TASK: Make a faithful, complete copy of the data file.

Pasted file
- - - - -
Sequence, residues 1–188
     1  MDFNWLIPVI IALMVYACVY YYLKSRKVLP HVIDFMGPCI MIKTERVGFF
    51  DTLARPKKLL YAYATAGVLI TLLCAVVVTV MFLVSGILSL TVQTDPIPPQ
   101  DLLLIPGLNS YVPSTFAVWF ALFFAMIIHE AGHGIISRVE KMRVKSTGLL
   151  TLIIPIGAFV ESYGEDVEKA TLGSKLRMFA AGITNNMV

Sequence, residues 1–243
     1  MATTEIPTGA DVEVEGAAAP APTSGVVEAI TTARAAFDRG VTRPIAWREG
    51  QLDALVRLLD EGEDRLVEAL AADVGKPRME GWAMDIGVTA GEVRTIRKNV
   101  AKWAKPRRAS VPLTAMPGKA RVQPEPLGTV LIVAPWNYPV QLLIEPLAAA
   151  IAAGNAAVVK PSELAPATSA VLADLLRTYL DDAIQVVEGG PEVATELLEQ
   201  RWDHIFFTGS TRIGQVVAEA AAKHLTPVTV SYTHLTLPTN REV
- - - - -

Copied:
Sequence, residues 1–188
     1  MDFNWLIPVI IALMVYACVY YYLKSRKVLP HVIDFMGPCI MIKTERVGFF
    51  DTLARPKKLL YAYATAGVLI TLLCAVVVTV MFLVSGILSL TVQTDPIPPQ
   101  DLLLIPGLNS YVPSTFAVWF ALFFAMIIHE AGHGIISRVE KMRVKSTGLL
   151  TLIIPIGAFV ESYGEDVEKA TLGSKLRMFA AGITNNMV

Sequence, residues 1–243
     1  MATTEIPTGA DVEVEGAAAP APTSGVVEAI TTARAAFDRG VTRPIAWREG
    51  QLDALVRLLD EGEDRLVEAL AADVGKPRME GWAMDIGVTA GEVRTIRKNV
   101  AKWAKPRRAS VPLTAMPGKA RVQPEPLGTV LIVAPWNYPV QLLIEPLAAA
   151  IAAGNAAVVK PSELAPATSA VLADLLRTYL DDAIQVVEGG PEVATELLEQ
   201  RWDHIFFTGS TRIGQVVAEA AAKHLTPVTV SYTHLTLPTN REV